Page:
He also objected to the audit targeting such a small part of the nearly $90 million budget, and one that he said holds a value beyond dollars and cents.
"I take great umbrage in the way this was done," Tebbano said.
He said no dinner was held this year, and retirees will be instead acknowledged at the Board of Education meeting tomorrow night and presented with certificates and BC Eagle pins. Such tokens of nominal value are allowed under state law.
District savings structure said to be unlawful
Though it focused on a 13-month period, the audit also identified a fund balance established by the district in 2003 as improperly formed. It was in this year the district formed a Tax Reduction Reserve to the tune of $2.7 million, intended to be used to offset an expected reduction in tax receipts due to a major shift in the assessment of PSEG's property.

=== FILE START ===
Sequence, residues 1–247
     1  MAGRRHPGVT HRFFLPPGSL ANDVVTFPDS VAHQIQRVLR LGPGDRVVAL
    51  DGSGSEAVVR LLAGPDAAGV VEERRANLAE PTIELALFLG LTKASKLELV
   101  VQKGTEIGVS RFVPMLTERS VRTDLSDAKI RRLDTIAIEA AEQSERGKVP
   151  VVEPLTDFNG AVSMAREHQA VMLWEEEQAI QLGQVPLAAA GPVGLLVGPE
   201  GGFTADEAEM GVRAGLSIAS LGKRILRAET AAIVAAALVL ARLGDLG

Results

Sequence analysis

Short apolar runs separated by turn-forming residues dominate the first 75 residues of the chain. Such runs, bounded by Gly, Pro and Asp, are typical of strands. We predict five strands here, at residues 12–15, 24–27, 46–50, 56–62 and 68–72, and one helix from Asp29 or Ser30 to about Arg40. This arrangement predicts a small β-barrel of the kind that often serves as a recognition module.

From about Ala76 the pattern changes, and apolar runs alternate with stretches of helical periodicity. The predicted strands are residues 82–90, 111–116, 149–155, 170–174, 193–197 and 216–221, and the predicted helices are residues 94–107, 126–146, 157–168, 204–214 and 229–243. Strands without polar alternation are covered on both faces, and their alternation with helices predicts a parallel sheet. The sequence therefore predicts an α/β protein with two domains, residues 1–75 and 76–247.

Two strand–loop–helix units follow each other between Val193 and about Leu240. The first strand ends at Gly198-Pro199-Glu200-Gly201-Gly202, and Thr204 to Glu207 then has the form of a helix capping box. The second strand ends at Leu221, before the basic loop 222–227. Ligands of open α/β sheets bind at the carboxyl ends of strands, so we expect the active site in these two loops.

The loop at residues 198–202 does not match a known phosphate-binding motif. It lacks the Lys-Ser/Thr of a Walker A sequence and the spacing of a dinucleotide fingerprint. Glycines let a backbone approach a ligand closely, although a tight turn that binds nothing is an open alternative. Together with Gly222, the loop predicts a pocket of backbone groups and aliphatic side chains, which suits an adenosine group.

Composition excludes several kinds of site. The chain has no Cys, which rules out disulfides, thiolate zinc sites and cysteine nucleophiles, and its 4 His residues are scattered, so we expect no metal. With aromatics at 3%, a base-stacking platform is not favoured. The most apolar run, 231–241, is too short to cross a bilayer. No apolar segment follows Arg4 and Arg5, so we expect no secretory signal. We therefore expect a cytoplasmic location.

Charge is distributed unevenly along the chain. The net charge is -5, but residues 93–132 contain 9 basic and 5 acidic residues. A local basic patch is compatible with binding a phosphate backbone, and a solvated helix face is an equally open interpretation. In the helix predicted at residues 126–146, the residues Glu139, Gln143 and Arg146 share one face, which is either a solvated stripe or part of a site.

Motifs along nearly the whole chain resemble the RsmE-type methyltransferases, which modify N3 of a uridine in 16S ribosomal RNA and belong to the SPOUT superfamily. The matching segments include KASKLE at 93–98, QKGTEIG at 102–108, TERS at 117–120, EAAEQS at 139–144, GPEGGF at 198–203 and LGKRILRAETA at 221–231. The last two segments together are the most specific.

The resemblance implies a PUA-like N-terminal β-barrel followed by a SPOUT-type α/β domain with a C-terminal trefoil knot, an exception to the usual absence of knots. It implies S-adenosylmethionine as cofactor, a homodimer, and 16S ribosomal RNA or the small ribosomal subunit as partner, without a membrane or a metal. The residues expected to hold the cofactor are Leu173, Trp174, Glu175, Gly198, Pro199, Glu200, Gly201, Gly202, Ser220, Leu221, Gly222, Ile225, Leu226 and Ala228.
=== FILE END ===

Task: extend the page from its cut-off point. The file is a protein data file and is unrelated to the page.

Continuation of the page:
The issue is state law dictates such a fund can only be formed through the sale of facilities, and this one was funded by payment in lieu of taxes receipts. District Chief Business and Financial Officer Judith Kehoe acknowledged that's the case but said the fund saved taxpayers from a crippling tax hike as the district lost over $3 million in tax revenue.
"Apparently, that wasn't known when the reserve was set up," said Kehoe.
Tebbano noted that the existence of the fund balance has been well publicized since its formation.
"The community benefited from this," he said. "At the time we assumed the process was legal and everything was above board."
In its response to the audit recommendations, the district requested the state relax restrictions on how such funds can be established.
Besides the formation of the fund, the issue is that the money should have been applied to the unrestricted reserve fund. State law stipulates that can only be 4 percent of the total budget, and money in the Tax Reduction Reserve would push it well above that mark.